Dear Mr. Gold:
As a mother of two kids young enough to still like noodles but old enough to make fun of Justin Bieber, I find myself in search of a kid-friendly taco truck. Good old-school tacos: no fusion, no Kogi lines. Anywhere from Venice to Pasadena, but nothing past about 7 p.m., as homework and bedtime are issues. If not for them, for me.
—Murie Rose, L.A.
If you like this story, consider signing up for our email newsletters.
SHOW ME HOW
You have successfully signed up for your selected newsletter(s) - please keep an eye on your mailbox, we're movin' in!
Dear Ms. Rose:
The complexion of the taco-truck debate has, as you know, changed greatly over the last year or two, and the old suggestions — go to the La Oaxaqueña truck on Lincoln just south of Rose, say, or the El Matador truck a bit north of La Descarga on Western, or the El Pique truck on York in Highland Park — are still valid but seem a little played out in a world where trucks specialize in D.F. quesadillas or Colima seafood or Poblano cemitas. (Plus, most of them tend to be pretty nocturnal.) Sometimes it is easier to visit the endless line of new-wave trucks on Pennsylvania near Cloverfield in Santa Monica, where you can grab a lamb frankie, a cupcake or any of 14 variations on the Kogi theme. Sometimes you want to visit a taco table, like Kike's on Beaudry downtown, or the Guanajuato-style table that sells the vampiros in front of the Lady of Talpa school around the corner from the intersection of Evergreen and Fourth in East L.A.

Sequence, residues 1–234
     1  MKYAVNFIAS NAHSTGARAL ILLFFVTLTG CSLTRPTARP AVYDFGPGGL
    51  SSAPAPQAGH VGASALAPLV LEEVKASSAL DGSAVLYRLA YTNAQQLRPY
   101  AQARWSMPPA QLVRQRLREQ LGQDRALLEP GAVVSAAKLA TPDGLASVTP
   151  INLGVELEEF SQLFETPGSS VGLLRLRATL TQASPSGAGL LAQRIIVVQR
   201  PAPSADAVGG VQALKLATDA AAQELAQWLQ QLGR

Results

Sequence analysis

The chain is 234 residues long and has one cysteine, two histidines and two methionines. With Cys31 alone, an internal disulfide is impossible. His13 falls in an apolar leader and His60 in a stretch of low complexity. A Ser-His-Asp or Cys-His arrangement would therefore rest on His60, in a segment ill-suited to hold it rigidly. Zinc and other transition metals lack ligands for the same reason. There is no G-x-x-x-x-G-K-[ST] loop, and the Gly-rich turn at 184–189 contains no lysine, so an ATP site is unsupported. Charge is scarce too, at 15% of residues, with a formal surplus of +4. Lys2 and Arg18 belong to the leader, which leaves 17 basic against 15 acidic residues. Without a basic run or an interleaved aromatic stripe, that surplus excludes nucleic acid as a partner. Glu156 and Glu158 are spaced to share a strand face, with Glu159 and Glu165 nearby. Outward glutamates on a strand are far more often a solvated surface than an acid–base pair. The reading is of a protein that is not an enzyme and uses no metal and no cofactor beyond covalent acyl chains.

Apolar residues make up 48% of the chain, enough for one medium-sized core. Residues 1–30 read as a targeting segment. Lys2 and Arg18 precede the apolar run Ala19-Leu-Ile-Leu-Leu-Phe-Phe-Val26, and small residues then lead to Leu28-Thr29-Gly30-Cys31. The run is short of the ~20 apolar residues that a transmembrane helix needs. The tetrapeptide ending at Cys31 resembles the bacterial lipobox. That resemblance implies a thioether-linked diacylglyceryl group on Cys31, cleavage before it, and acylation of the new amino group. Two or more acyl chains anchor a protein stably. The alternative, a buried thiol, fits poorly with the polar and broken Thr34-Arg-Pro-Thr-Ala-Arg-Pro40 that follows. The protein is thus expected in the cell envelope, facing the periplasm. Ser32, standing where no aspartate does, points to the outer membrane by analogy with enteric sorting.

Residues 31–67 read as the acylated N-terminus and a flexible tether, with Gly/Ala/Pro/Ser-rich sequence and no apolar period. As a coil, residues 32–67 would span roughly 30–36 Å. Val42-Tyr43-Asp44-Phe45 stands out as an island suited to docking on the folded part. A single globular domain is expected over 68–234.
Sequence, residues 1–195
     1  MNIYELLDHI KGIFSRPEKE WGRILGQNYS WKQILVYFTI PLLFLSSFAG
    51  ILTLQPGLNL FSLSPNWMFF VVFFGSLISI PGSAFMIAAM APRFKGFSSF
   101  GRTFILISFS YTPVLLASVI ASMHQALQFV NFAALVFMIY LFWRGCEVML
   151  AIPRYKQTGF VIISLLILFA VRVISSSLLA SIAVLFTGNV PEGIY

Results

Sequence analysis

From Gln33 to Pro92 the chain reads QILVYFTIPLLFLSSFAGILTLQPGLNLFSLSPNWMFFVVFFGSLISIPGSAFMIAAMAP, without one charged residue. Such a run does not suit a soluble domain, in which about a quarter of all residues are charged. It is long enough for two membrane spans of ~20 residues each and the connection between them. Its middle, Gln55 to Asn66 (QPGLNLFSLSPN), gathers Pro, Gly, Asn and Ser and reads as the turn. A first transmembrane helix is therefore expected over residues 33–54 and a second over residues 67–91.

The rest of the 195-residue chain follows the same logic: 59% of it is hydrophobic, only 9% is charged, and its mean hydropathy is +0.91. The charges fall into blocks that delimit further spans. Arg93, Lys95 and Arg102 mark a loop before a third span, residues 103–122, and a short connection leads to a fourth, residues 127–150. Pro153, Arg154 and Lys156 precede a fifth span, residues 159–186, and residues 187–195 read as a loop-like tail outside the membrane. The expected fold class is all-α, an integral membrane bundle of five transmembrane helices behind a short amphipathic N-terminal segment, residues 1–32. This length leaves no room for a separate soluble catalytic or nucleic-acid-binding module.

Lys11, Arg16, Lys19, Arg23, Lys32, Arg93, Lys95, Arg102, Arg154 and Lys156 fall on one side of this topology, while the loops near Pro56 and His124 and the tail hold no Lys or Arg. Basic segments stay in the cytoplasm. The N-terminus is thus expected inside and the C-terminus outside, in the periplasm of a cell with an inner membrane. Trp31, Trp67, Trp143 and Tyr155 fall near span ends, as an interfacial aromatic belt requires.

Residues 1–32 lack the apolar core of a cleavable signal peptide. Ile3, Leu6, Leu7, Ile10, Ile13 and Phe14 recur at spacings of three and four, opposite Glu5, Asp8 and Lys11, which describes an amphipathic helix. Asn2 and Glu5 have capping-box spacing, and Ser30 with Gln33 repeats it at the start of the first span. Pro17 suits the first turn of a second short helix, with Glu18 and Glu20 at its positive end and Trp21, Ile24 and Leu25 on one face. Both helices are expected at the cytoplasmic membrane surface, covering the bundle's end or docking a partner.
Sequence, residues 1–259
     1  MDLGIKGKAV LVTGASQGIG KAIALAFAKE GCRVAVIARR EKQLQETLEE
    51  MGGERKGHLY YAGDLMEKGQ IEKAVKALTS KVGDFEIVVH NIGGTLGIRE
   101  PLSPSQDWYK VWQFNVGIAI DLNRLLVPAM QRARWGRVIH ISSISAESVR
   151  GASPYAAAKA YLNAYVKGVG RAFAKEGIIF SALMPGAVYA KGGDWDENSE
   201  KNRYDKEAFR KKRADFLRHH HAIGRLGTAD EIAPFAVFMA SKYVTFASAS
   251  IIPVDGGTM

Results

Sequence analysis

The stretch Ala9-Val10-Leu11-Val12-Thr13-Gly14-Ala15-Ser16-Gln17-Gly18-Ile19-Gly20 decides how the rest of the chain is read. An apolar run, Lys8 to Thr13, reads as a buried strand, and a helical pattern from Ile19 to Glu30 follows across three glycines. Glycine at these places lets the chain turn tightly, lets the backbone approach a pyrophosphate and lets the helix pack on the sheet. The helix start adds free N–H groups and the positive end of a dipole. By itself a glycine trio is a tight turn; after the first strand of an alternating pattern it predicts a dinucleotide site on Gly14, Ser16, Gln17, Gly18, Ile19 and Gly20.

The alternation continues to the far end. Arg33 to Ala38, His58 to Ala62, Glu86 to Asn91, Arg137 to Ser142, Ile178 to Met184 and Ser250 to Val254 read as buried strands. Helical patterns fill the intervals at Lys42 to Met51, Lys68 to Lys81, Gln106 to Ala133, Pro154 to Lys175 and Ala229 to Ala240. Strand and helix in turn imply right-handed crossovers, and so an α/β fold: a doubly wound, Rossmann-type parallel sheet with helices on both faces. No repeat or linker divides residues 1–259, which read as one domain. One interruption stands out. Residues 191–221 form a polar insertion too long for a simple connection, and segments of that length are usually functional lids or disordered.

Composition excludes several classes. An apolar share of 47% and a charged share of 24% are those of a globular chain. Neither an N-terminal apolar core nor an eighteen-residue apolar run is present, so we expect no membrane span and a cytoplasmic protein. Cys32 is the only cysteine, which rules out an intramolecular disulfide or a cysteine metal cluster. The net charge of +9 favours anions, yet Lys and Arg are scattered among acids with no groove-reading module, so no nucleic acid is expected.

But at a Roots of Change benefit the other day, a farmer/chef love-fest in Neal Fraser's sleekly remodeled St. Vibiana space, I ran into an attorney who, among other things, represents the local loncheros association in its dealings with the county. And I was surprised to learn that the truck most highly regarded by its peers, the lonchero respected for its style, cooking and longevity, was neither one of the high-tech units prowling Koreatown nor a hyperauthentic truck selling the antojitos of a single prefecture in Nuevo Leon but Arturo's, also known as El Gallito, also known to generations of Pasadenans as the Yellow Truck, which has been slinging its tacos of slightly charred carne asada, tongue, buche and cabeza from the parking lot of a tire store for as long as anyone can remember. Is it a reliable stop at 3 a.m.? It is indeed. But it reliably opens at 6 p.m. Don't forget to grab a roasted jalapeño from the condiment line.
ARTURO'S: Fair Oaks Avenue at Bellevue Drive, Pasadena